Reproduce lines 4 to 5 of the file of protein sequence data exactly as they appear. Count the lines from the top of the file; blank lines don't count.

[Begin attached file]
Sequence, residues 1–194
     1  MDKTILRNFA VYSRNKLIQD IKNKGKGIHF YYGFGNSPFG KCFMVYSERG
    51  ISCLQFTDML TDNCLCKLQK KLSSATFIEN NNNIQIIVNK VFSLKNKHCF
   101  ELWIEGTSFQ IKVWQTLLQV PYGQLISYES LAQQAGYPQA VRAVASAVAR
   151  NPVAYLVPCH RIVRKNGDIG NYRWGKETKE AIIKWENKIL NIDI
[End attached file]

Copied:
   101  ELWIEGTSFQ IKVWQTLLQV PYGQLISYES LAQQAGYPQA VRAVASAVAR
   151  NPVAYLVPCH RIVRKNGDIG NYRWGKETKE AIIKWENKIL NIDI